Yields

OWID presents work from many different people and organizations. When citing this entry, please also cite the original data source. This entry can be cited as:

Max Roser (2016) – ‘Yields’. Published online at OurWorldInData.org. Retrieved from: https://ourworldindata.org/yields/ [Online Resource]

 

# Empirical View

# Yields in the UK over the Very Long Run

# Estimates of British wheat yield, 1200-1800 – Amthor (1998)1

Year(s)Yield (g per square meter)Notes and source
1209-134939-76Range of individual-manor averages in the bishopric of Winchester (Titow, 1972, p. 148)
1200-145054-57British average `guess' by Bennett (1935 )based on analysis of William Beveridge's summary
1243-4828Combe, Oxfordshire (Curtler, 1909, p. 33)
125033-55Estimates by Walter of Henley as cited by Curtler (1909), p. 33
1271-9955Seven manors in Essex and Hertfordshire (Farmer, 1983)
1290-130655Manor of Forncett, from Davenport's A Norfolk Manor as cited by Curtler (1909), p. 33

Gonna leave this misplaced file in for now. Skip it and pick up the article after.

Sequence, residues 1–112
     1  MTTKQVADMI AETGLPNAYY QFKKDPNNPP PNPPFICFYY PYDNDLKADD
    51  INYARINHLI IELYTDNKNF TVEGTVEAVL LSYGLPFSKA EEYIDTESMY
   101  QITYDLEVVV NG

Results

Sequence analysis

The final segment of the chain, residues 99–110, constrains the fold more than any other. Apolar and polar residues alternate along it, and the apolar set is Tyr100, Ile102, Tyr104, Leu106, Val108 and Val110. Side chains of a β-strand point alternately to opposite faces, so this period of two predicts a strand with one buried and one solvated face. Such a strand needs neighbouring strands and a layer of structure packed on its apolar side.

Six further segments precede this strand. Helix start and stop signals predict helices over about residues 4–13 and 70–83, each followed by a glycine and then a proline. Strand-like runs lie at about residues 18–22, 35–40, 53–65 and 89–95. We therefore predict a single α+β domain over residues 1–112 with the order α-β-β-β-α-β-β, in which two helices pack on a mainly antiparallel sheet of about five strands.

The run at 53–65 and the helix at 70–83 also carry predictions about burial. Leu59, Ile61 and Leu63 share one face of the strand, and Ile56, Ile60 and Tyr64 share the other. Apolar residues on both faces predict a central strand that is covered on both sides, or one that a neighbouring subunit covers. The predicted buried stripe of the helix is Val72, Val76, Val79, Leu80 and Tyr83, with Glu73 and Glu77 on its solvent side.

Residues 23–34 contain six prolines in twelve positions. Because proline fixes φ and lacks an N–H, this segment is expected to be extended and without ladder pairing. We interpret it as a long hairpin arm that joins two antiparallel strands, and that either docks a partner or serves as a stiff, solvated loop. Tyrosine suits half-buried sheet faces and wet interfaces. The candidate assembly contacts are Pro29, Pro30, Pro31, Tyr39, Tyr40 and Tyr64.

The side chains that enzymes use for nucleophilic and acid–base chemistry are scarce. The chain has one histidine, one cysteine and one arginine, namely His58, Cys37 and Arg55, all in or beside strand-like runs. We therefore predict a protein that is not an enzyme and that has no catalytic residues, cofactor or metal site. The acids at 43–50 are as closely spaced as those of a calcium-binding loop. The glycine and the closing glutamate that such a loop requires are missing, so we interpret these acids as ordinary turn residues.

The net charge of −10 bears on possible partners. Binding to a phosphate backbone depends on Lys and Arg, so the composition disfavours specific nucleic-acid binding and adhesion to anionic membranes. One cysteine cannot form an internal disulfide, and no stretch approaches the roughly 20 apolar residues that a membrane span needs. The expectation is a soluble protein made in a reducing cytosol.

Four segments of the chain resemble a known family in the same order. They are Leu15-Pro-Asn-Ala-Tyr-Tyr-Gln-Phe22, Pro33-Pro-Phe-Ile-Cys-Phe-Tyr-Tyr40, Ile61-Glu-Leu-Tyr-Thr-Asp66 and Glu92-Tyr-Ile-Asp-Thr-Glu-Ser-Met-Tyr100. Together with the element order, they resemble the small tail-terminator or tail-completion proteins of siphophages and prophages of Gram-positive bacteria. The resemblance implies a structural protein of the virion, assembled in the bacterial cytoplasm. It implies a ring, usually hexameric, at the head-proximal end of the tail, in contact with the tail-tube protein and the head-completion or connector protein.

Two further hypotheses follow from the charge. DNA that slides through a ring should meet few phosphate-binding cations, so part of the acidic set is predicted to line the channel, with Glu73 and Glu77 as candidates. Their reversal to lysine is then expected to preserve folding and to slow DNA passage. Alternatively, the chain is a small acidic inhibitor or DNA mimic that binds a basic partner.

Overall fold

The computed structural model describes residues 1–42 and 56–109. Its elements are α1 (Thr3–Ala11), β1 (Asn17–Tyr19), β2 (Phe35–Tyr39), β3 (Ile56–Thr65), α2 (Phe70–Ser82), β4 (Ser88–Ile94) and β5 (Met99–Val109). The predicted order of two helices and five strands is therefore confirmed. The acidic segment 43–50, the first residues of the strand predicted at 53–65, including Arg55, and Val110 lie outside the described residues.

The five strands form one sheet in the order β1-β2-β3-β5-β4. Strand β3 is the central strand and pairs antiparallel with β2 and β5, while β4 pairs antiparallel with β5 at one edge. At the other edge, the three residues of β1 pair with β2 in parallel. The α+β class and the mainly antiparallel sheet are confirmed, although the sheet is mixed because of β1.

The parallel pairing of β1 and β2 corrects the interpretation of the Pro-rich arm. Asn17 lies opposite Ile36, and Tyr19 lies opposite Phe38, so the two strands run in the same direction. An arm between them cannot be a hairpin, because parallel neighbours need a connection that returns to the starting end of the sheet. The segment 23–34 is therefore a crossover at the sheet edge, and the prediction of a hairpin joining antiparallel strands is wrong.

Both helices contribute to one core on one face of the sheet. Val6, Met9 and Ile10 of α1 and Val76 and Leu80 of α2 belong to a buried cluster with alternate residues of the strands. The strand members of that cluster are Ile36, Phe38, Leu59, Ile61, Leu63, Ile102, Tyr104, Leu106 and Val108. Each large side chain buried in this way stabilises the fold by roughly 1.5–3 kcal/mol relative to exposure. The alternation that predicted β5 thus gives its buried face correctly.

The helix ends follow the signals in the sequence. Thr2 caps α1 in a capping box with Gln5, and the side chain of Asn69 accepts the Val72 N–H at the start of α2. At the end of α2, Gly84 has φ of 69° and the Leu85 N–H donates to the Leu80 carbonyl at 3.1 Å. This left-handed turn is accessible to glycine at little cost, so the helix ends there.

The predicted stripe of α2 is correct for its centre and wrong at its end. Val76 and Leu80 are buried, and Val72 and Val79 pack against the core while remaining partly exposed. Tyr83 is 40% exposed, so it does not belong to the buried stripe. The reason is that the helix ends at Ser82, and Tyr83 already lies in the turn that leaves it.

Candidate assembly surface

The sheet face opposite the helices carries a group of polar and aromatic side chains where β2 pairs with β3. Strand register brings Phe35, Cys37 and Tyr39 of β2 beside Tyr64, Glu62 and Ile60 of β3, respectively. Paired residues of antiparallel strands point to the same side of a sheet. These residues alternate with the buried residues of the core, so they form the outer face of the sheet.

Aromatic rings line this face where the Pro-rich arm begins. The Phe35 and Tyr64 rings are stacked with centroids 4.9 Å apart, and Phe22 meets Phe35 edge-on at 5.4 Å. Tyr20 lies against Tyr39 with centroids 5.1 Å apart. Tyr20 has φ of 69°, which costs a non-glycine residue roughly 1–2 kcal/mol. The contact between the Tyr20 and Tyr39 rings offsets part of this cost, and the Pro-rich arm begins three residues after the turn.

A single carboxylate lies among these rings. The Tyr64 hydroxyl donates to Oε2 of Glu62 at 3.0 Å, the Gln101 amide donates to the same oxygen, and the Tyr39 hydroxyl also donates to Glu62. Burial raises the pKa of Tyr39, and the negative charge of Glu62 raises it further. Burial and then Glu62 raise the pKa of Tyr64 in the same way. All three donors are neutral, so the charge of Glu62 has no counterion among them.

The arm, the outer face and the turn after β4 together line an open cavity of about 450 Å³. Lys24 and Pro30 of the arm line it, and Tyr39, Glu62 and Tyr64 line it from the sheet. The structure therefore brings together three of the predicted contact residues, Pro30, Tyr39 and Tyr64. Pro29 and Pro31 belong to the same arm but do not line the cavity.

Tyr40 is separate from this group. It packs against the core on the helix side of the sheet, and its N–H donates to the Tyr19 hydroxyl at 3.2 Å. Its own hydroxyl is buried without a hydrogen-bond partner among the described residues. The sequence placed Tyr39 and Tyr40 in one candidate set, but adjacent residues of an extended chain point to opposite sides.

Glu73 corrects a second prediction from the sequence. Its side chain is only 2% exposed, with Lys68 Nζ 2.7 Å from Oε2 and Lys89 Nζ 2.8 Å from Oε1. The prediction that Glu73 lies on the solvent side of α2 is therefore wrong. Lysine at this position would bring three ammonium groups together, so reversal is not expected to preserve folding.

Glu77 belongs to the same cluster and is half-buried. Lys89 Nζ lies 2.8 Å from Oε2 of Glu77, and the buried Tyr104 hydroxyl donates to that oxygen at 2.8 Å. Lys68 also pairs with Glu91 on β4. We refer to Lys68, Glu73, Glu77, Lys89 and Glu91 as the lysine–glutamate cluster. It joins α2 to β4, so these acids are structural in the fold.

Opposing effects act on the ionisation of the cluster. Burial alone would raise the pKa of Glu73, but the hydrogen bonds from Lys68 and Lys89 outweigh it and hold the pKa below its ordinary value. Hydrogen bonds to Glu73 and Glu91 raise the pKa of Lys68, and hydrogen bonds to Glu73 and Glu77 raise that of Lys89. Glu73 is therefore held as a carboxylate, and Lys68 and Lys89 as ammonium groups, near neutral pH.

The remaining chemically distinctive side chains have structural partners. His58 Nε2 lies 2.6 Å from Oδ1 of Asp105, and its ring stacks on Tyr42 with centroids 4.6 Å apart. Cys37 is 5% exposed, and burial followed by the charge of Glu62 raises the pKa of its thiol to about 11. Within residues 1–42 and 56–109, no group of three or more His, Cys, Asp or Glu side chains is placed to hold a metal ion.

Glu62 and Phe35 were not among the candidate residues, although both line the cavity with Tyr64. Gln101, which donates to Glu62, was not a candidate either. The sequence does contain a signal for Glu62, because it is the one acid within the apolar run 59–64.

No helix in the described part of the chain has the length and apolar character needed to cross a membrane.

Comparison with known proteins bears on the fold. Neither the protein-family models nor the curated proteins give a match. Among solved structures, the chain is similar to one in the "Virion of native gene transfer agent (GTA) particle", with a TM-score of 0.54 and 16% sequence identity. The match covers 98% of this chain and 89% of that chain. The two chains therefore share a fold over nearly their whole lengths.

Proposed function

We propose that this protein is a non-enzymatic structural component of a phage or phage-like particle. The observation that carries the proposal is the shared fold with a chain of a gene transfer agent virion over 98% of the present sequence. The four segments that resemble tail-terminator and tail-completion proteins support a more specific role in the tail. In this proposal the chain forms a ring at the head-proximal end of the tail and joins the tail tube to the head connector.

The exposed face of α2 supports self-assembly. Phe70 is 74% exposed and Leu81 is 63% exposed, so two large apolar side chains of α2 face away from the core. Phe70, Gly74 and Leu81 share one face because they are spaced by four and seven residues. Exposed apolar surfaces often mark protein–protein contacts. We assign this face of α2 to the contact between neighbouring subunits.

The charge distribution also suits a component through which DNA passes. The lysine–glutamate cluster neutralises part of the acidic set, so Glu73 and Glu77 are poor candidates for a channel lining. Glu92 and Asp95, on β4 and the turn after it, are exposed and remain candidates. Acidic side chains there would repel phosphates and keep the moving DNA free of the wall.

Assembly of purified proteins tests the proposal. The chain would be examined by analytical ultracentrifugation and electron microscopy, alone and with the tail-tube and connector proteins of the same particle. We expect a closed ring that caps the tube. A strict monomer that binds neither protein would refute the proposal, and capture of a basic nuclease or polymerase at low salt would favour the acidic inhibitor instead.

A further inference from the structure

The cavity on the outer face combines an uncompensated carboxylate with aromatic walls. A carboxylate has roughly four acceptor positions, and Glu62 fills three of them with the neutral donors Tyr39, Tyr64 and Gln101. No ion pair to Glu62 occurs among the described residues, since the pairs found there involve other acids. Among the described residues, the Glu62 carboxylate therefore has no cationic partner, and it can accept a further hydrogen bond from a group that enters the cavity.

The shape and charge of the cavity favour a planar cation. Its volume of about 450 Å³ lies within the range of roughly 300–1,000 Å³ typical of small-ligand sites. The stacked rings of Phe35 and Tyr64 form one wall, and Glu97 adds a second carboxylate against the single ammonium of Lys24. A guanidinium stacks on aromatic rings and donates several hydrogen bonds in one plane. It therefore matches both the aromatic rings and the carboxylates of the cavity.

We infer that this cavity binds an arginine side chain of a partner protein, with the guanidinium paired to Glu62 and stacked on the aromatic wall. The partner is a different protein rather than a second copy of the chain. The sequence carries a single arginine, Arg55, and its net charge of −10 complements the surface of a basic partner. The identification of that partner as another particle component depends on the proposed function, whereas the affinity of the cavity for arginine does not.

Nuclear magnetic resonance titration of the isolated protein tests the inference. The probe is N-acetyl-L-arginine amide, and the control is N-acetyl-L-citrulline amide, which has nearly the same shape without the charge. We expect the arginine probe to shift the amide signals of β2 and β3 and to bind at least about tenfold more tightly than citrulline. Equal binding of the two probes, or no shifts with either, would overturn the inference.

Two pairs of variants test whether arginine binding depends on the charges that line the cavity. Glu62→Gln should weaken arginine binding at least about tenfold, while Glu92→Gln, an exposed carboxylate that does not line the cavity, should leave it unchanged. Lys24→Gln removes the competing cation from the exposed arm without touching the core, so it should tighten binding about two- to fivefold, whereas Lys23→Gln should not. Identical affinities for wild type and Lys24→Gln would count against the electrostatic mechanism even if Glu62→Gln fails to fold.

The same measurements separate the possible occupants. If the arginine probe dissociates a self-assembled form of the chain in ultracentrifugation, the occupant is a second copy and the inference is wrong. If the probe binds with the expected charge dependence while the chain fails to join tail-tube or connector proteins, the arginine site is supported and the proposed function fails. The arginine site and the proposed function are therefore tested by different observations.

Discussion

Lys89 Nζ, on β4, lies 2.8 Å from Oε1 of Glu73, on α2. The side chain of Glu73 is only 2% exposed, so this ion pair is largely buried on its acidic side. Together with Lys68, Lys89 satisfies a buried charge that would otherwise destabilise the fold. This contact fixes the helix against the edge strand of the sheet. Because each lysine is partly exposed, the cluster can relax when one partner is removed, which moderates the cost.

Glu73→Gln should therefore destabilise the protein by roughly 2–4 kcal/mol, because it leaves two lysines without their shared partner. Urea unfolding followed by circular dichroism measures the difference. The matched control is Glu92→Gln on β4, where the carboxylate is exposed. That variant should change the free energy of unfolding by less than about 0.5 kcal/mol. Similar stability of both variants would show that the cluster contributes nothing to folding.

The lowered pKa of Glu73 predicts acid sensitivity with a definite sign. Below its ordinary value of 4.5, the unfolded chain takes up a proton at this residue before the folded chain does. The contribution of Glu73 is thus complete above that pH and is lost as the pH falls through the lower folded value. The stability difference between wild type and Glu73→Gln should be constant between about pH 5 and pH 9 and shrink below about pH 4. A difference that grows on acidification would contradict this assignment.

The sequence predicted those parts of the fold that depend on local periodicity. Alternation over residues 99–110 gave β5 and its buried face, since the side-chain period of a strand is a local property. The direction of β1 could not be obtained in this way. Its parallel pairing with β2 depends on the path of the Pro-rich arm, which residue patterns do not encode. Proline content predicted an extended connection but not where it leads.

1260-135082Mean of 20 manors in eastern Norfolk, called "exceptional by the standards of the day" (Campbell, 1983)
1300-2448Seven manors in Essex and Hertfordshire (Farmer, 1983)
1300-24113Prior of Norwich's manor at Martham in Norfolk (Campbell, 1983)
1325-4953Mean of county averages in the bishopric of Winchester manors (Titow, 1972, p. 149)
1325-4946Seven manors in Essex and Hertfordshire (Farmer, 1983)
1333-3422-88Manor records mentioned by Rogers in Agriculture and Prices as cited by Percival (1934, p. 40)
1350-8044Seven manors in Essex and Hertfordshire (Farmer, 1983)